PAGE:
Each day from now until Feb. 2, ESPNNewYork.com will take you inside the challenge of staging the most unpredictable NFL title game ever. There are six days until the Super Bowl.
NEW YORK -- A congratulatory news conference started off Super Bowl week as Al Kelly, CEO of the New York/New Jersey Super Bowl Host Committee, declared the transportation plans for the game an “unprecedented success,” with two-thirds of all attendees expected to get to MetLife Stadium via mass transit.
“Hopefully when we do all the tallying for the weeks to come,” committee co-chairman Jonathan Tisch said, “the other 30 owners will say to themselves when there’s a chance to do this again, ‘Super Bowl XLVIII in New York and New Jersey was a huge success. Let’s try to do this once every 10 years.’”
There is still almost a full week to get to that point. There are plenty of shuttle rides, train trips and potential snowflakes to fall, but the hopes of a future MetLife Super Bowl -- and likely the hopes of Chicago and other outdoor cold-weather venues -- rest on how smoothly things go this week.
“The Super Bowl award comes down to a vote of 32 owners,” Giants co-owner John Mara said. “If they have a good experience and the game gets a positive review, does it open up the possibility the game could be played in other cold-weather cities? I think it does.”
When the Super Bowl comes to MetLife Stadium on Sunday, it will have gone through upgrades and assessments to withstand any challenges when it comes to power. Last year in New Orleans, the Super Bowl was stopped during a blackout.
“This stadium as it stands today, in the preparations and check-ins and learnings from last year,” NFL executive Eric Grubman said, “the stadium is in excellent position to have uninterrupted power.”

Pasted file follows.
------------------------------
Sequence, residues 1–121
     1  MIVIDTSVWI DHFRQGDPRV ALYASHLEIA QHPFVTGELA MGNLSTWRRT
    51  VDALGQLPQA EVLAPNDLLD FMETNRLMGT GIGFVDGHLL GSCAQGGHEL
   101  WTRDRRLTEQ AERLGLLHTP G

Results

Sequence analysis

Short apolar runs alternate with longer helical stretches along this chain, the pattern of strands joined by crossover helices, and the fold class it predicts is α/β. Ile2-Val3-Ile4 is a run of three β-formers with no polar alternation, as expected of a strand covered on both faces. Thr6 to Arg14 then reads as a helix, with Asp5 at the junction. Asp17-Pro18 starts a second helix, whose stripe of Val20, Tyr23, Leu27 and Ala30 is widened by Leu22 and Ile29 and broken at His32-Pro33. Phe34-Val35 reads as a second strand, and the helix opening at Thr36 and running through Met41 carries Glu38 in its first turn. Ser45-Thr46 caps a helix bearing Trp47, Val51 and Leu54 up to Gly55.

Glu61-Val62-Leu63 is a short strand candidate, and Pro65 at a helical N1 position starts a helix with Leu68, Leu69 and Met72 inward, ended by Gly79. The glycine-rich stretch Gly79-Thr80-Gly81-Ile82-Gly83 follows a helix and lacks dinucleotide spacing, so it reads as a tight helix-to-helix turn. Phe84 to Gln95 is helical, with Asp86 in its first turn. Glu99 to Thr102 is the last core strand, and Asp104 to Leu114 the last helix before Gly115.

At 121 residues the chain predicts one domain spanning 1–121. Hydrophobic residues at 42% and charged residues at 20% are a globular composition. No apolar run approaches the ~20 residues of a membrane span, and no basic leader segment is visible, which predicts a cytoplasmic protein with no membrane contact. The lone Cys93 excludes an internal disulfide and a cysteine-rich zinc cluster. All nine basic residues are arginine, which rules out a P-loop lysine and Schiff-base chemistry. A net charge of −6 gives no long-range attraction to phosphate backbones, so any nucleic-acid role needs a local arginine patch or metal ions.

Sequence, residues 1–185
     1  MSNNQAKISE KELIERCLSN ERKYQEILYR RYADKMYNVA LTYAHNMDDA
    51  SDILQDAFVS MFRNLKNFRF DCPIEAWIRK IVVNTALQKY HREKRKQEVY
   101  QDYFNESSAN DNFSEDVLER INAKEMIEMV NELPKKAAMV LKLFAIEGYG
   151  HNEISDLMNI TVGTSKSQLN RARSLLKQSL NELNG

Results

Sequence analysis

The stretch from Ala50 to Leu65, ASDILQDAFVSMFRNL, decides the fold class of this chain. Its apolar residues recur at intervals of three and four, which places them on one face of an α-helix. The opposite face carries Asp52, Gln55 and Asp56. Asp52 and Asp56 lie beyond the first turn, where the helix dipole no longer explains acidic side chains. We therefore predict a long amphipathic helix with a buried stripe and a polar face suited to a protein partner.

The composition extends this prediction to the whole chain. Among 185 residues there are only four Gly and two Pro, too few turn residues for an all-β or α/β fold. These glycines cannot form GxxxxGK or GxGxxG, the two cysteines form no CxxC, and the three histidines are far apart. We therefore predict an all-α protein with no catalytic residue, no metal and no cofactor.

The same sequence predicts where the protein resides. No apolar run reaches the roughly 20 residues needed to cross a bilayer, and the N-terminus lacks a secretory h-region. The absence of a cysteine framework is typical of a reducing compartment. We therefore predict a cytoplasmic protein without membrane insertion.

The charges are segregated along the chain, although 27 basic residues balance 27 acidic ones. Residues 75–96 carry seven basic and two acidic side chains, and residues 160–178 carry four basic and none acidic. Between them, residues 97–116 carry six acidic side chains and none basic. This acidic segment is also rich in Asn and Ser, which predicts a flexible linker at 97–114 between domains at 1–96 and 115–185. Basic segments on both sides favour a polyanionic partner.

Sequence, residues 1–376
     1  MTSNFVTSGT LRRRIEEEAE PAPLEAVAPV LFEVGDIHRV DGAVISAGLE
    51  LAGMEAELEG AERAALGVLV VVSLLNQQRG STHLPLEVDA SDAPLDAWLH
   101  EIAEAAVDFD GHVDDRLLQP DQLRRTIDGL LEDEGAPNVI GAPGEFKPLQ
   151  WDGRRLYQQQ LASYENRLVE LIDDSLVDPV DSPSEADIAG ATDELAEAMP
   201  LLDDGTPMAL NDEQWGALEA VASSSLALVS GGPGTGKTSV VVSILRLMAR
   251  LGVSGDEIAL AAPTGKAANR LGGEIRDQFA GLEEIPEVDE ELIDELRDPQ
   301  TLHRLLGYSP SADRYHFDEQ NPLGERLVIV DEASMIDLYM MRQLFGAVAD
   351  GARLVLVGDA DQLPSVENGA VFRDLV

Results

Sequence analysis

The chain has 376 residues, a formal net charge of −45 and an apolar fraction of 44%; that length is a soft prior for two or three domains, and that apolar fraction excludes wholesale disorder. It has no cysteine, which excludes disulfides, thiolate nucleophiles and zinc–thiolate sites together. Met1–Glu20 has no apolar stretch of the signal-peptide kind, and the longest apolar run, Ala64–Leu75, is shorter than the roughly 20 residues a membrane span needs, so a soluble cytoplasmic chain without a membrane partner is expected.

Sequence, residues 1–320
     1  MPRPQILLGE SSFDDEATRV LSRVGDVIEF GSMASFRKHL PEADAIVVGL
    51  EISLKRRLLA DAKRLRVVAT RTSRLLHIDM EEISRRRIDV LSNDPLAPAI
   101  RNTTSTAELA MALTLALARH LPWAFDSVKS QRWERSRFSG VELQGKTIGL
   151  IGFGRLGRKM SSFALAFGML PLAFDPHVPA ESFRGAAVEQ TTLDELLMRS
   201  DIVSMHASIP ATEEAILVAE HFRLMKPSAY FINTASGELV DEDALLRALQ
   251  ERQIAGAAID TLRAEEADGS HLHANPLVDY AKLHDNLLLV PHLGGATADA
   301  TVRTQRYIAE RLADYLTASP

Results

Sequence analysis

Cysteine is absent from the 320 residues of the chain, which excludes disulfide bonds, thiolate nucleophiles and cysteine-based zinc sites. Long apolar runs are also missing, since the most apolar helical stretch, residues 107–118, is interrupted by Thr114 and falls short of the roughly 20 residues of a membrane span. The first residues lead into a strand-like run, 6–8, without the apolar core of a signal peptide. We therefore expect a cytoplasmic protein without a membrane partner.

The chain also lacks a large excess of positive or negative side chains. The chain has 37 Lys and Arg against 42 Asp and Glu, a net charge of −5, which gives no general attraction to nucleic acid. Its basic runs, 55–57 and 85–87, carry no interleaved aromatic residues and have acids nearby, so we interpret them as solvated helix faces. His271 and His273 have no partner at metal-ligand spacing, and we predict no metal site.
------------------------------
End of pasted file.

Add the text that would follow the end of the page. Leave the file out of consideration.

New Jersey Gov. Chris Christie, tarred by a scandal involving traffic and retribution, missed Monday's news conference.
“We’ve gotten great cooperation from his administration,” Mara said. “Fortunately, most of the work had already been done by the time that all broke. But even since then we’ve gotten great co-op from them.”
Christie was scheduled to make a related appearance in Newark later in the day.
As for the weather, the forecast looks good enough -- mid-30s without much possible precipitation -- that the host committee didn’t have to talk much about it.
“This whole Super Bowl XLVIII has been about a lot of firsts,” Kelly said.
The committee started by embracing the cold and the outdoors and by asking fans to learn how to use the region’s mass transit system.
Whether that means it’s an unprecedented success, it’s a little too soon to tell.
Come back daily for more on the issues, logistics and personalities surrounding Super Bowl XLVIII.